It was demonstrated that the cell-free miRNAs were probably derived from normal and/or tumor-lysed cells in body fluids.71,109 Therefore, in order to use miRNAs as biomarkers in cancer, it is important to determine the source of the tumor-specific miRNAs in body fluids and establish a signature capable of differentiating diseased from healthy states. Also, it is necessary to clarify whether the differential expression between tumor and normal tissues is related solely to the tumor or is a response mediated by the affected organ or system. There is evidence that circulating miRNAs in body fluids and extracellular fluid compartments have hormone-like effects, leading to widespread consequences within the cells at a distance from the ‘secreting’ cell (Box 1). Nonetheless, additional studies are necessary to elucidate the mechanism by which miRNAs reach the bloodstream and the physiologic impact of circulating miRNA in global cellular processes.

Box 1 | MiRNAs—the ‘oldest’ hormones

After the seminal discovery of ribozymes, RNAs that perform catalytic functions in the absence of any DNA or protein molecule, the concept of the RNA world as the primordial world of ‘living’ organisms containing only RNA as genetic material is now widely accepted.126 This concept can be extended by considering that the first ‘signaling’ molecules between genomes were also RNAs, and such signals were short sequences and very stable, exactly the same as circulating microRNAs (miRNAs). As hormones, miRNAs should be released by a donor cell as exosomes or as ‘free’ molecules secreted by active mechanisms and spread signals that affect cells located in other parts of the organism that uptake the miRNAs either as exosomes or as ‘free’ RNAs (Figure 3). Consequently, ‘normal’ levels of circulating miRNAs vary widely among humans according to age, gender, physiologic events (such as menarche or pregnancy) and are influenced by various ‘extrinsic’ factors such as environmental temperature and stress. A practical consequence for this view, is the fact that for any study comparing the expression of miRNAs in any type of body fluid from normal individuals and cancer patients it is important to design the study in a ‘paired’ way at least for age, gender and race and use at least twice as many controls as patients. In this way, the ample expression variations in the normal population can be assessed and the comparisons with cancer groups will be more meaningful and reproducible in independent cohorts.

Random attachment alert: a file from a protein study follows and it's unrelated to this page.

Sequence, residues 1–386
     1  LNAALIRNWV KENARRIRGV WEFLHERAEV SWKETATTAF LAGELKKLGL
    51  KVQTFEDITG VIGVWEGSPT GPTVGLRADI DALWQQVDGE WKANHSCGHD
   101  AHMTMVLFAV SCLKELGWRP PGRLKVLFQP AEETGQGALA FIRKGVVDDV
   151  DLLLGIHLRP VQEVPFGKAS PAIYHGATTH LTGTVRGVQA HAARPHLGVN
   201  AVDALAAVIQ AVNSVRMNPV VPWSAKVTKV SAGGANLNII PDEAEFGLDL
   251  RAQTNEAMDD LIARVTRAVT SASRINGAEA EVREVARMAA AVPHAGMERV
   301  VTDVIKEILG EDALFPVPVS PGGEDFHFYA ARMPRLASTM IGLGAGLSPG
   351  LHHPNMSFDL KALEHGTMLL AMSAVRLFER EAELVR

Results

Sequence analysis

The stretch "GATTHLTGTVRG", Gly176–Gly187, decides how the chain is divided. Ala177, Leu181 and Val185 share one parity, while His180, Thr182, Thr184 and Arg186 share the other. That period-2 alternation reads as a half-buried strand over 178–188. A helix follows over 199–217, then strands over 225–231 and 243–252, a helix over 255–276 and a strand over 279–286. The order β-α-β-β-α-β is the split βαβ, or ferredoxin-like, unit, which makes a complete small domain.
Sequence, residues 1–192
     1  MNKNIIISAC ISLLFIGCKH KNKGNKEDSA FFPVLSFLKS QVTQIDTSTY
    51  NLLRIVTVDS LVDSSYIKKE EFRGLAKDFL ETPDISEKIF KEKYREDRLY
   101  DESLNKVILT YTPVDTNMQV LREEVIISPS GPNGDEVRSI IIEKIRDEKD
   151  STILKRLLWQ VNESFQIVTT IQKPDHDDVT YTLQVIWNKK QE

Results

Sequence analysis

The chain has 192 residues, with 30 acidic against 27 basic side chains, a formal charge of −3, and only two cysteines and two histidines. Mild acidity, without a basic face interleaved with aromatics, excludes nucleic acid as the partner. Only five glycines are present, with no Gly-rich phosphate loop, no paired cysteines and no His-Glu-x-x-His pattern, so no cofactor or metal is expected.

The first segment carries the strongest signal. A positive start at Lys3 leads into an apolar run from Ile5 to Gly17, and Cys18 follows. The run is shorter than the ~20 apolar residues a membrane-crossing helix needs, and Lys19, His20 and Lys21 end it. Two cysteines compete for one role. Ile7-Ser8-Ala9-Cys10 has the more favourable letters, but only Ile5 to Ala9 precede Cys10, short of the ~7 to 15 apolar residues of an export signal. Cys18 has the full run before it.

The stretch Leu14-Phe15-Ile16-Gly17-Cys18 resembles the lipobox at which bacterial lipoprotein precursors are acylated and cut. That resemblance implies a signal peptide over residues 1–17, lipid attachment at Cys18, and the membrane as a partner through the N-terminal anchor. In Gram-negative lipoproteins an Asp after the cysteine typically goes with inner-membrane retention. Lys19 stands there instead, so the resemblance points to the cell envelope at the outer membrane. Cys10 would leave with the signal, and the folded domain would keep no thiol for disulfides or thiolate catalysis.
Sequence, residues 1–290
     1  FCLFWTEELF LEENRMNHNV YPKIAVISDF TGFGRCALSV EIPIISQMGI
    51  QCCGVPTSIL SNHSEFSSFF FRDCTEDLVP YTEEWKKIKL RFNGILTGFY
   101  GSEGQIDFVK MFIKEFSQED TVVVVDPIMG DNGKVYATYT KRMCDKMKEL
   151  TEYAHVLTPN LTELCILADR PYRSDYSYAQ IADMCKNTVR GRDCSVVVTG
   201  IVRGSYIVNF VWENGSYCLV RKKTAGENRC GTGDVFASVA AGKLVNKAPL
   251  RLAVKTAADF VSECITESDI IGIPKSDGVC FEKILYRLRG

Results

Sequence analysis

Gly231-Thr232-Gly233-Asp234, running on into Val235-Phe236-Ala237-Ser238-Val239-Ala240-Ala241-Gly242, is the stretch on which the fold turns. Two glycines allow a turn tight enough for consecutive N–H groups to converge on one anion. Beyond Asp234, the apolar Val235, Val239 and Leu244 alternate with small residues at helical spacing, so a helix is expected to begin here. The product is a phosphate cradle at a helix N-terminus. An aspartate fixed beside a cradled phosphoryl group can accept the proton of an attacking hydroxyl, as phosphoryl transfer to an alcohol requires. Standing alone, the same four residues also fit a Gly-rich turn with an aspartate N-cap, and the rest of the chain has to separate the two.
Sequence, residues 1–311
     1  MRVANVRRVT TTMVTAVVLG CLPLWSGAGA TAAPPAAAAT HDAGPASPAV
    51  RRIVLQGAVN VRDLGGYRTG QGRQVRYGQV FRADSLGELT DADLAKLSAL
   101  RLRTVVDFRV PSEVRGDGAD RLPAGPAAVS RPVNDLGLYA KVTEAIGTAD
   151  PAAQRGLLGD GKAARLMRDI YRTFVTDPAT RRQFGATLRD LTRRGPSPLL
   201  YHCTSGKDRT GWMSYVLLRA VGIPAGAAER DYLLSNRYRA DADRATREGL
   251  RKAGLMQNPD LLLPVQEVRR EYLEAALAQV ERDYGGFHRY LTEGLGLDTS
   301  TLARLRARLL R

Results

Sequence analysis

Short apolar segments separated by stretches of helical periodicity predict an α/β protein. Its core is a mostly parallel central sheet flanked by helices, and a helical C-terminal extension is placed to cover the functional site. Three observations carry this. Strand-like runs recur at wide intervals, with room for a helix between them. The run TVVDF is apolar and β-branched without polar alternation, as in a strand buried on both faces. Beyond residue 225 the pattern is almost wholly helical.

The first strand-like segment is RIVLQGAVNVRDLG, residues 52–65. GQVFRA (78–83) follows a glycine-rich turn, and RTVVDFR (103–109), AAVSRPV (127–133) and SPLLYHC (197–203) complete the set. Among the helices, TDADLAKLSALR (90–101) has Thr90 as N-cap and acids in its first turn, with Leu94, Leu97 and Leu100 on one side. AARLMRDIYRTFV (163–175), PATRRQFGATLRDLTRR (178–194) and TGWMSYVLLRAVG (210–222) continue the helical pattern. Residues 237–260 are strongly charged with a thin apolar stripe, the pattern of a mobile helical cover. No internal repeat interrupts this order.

Detection of miRNAs in body fluids

Several techniques are currently available for establishing miRNA signatures in body fluids, such as miRNA microarrays,70 quantitative real-time PCR (qRT-PCR),68 and deep sequencing (next-generation sequencing). 71 Among these approaches, the most frequently used is qRT-PCR and its variations, such as stem-loop RT-PCR110,111 and poly(A)-tailed RT-PCR,112 which have improved the specificity and sensitivity of miRNA detection. 113,114 Nonetheless, most published studies present conflicting data and have limitations in their cross-comparison of miRNA-expression profiles due to differing methodologies, various reference genes being used to normalize the miRNA levels measured in body fluids, and differences in blood collection (for example, heparin contains an inhibitor of Taq polymerase).116 Frequently used reference genes, such as U6 small nuclear RNA (RNU6B) and 5S ribosomal RNA, were found to have a less-stable expression than others117 or degraded in serum samples.71 In addition, the considerable differences in choices of reference genes to use represents a major obstacle in comparing expression levels between normal tissue and tumors (Table 2). For example, in one study to identify stable controls for normalization, two of 21 miRNAs studied (miR-142-3p and miR-16) were identified as potential ‘normalizers’ given consistent expression across all patient and control samples.73 The addition of synthetic versions of miRNAs from other organisms such as C. elegans in serum and/or plasma samples has proven useful for normalizing the data obtained by qRT-PCR and also may represent an interesting approach to circumventing normalization issues.69 However, more studies are necessary for the identification of an accurate normalization protocol and empirical validation of stable endogenous control miRNAs for each type of body fluid. Moreover, specific methods have to be standardized for specimen collection, processing, and purification of total RNA and data analysis, similar to the standard operating procedures used routinely in laboratories.

Table 2
Reference genes used to normalize miRNA expression in body fluids

Predictors of therapy response